Friday, 25 July 2014

Ancestry's UK & Irish collection is free this weekend

http://www.dpbolvw.net/click-5329468-10819001?url=http%3A%2F%2Fsearch.ancestry.co.uk%2FPlaces%2FUK%2FDefault.aspx
AncestryUK is offering free access to all its Irish and UK records from tonight at midnight (GMT) until Sunday 27 July at 23:59 (GMT). That's a cool 48 hours of access.

Those that don't currently have an account with Ancestry UK can register as a guest to obtain access; registered guests are sent a User Name and Password, and don't have to provide credit card details. Those who have a UK Essentials subscription will automatically be able to search Irish and UK collections that are not included in this subscription package.

The Irish record sets includes Civil Registration Indexes of birth, marriages and deaths, Griffith's Valuation, a collection of Roman Catholic parish registers and many more valuable resources. Find out more about the record sets included in Ancestry's Irish collection.

Thursday, 24 July 2014

Latest on IrishGenealogy.ie bmd indexes fiasco

It's a week now since the brand-new 'enhanced' civil registration indexes were unceremoniously pulled from IrishGenealogy.ie at the insistence of the Data Protection Commissioner (see blogpost).

Although there was a lot of press coverage on the topic at the beginning of the week – most it being approached from the data protection and privacy angle – there's been no official word to reassure genealogists about what's going to happen next.

I'm pleased to say that after making a nuisance of myself all week, I've finally got something official. Not much, admittedly, but something. It's from the Department of Arts, Heritage and the Gaeltacht, the government department responsible for the website. Here it is:

'The Department of Arts, Heritage and the Gaeltacht is currently engaging with both the Office of the Data Protection Commissioner and the Department of Social Protection to ensure that the issues raised by the Office of the Data Protection Commissioner are promptly resolved and to ensure that this very valuable genealogical information can be restored as soon as possible.'

My bold.

Much as I love the use of the word 'restored', I don't think we should anticipate a 'restoration' of the 1845/1864 to 2013 indexes in their launch format. Either information such as actual birth dates and maiden names will be redacted for the more recent records or the three government agencies will come to some agreement about a cut-off dates for records to be included.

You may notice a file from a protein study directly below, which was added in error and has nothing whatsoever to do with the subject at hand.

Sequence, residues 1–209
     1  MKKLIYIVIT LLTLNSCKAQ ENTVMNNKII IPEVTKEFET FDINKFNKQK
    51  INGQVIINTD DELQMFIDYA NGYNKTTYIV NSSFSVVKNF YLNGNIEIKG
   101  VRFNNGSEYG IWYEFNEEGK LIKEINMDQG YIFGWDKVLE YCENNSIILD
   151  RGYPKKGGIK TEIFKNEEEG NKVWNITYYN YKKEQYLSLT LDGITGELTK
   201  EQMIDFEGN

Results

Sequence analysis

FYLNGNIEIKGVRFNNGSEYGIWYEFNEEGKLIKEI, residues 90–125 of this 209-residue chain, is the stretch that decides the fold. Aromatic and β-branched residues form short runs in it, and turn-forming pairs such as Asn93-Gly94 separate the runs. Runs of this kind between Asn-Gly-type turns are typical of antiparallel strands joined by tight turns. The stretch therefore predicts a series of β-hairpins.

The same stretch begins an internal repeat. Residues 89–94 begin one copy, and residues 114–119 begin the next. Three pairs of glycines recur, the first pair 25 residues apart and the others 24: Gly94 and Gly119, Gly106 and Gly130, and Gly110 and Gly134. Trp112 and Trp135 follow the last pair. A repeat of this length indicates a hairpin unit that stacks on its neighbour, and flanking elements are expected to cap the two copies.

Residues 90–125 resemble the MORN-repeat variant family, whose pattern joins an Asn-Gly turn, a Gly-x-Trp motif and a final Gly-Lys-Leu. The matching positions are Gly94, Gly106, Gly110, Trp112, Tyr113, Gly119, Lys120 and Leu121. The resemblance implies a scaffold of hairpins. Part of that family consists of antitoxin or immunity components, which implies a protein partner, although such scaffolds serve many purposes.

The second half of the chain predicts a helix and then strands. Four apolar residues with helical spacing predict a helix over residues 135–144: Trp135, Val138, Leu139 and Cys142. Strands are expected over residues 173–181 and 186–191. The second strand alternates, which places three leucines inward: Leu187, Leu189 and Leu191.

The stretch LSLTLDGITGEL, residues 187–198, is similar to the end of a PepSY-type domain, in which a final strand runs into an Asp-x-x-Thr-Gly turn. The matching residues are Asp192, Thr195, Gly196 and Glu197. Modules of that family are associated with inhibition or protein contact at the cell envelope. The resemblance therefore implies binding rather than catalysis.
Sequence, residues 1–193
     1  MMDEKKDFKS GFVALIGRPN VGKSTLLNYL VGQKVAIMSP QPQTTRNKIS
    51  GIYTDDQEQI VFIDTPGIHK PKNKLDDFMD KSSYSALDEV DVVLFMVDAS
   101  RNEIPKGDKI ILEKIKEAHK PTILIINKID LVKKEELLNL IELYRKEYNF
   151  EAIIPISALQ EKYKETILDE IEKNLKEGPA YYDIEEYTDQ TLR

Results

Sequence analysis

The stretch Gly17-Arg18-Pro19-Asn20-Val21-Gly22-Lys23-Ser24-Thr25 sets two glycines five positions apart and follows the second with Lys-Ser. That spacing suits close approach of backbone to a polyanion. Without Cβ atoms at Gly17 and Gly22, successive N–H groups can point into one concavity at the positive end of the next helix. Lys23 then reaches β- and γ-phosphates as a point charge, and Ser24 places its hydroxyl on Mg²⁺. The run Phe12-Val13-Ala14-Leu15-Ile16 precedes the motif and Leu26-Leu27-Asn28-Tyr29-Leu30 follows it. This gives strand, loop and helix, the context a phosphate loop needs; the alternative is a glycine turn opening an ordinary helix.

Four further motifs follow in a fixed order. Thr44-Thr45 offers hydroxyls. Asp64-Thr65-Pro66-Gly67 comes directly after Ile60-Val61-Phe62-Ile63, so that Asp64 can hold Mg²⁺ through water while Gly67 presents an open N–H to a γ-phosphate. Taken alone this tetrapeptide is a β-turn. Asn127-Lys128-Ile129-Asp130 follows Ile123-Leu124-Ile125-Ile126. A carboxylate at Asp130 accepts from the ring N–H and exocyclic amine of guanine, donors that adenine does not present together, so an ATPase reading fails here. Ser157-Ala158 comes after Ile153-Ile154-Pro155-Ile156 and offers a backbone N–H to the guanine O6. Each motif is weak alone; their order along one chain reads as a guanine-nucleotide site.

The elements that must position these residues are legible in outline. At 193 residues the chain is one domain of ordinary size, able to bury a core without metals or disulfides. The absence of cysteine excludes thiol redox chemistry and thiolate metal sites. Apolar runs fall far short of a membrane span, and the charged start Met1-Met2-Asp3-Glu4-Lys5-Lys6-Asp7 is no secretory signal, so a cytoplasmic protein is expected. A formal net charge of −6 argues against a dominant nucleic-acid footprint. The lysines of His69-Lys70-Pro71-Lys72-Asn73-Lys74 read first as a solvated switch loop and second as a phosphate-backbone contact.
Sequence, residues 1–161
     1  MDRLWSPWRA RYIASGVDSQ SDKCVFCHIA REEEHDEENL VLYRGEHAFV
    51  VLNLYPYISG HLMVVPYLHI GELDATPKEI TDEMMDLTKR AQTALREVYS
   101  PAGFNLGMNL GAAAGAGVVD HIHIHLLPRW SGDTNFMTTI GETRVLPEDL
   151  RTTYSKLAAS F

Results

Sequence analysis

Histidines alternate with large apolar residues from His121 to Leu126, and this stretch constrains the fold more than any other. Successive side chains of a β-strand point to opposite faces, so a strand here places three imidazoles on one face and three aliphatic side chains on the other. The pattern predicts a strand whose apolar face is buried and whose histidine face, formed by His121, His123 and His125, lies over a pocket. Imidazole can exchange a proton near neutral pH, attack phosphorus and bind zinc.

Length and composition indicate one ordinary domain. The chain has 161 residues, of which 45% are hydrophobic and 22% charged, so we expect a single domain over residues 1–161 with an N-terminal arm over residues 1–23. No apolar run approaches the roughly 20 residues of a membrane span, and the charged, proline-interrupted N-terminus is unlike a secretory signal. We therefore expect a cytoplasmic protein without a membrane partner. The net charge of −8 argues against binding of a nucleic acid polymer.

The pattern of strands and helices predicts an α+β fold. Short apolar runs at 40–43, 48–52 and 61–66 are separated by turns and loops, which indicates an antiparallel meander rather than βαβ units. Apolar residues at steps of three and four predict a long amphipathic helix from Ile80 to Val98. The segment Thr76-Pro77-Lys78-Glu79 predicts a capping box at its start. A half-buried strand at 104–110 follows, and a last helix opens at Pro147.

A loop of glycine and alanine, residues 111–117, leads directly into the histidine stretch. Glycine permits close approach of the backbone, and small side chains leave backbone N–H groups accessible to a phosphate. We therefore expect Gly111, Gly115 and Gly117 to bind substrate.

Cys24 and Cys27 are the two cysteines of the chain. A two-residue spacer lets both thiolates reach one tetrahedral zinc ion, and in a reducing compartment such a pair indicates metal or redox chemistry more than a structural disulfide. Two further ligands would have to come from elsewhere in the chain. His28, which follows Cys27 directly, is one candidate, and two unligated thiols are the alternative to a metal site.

Clare County Library links its Townlands to GenMaps

The value of Clare County Library's clever online GenMaps has been raised again (two new features were added only six weeks ago - see blogpost).

This time, the upgrade allows a researcher studying any one of the 2,200 pages about Clare's townlands to link through to one of three GenMaps for that specific area – the 1842 Ordnance Survey map, a Bing Maps satellite view of the area, or a composite map of the two.

You can find out more and see examples on the Clare County Library blog.

Wednesday, 23 July 2014

RootsIreland announces imminent website revamp

https://flipflashpages.uniflip.com/3/71043/334703/pub/html5.html
The latest issue of Clann, the newsletter of the Irish Family History Foundation, has just been published and brings news that the organisation's online database, RootsIreland.ie, is going to be revamped. This has been in the pipe for a while, so it's good to hear it's now going to happen.

There's also the promise that 'substantial amount of new data' will be added before the end of the year. Let the speculation begin!

You can also find out what the folk at Sligo Heritage Centre have been up to, and discover what resources are available at the Dun Laoghaire Heritage and Genealogy Centre and the Bru Boru Cultural Centre in Cashel.

In addition, there's a three-step guide to tracing your ancestors in Derry-Londonderry, details of book releases and summer events, and a couple of stories about successful research.

The digital newsletter is free and can be viewed by clicking the cover page image.

PRONI's July Document has high 'Ahhhh' factor

The Public Record Office of Northern Ireland's Document of the Month is a photo, taken at the outbreak of WW1, that aims straight for the heart. As a wise marketing guru (yes, you, Jill) once told me, you can't beat a donkey picture for raising the 'Aaahhhhh' quota. And if you throw some children and a charitable cause into the image as well, you're onto a certain winner. I imagine this particular fundraising stunt was very successful.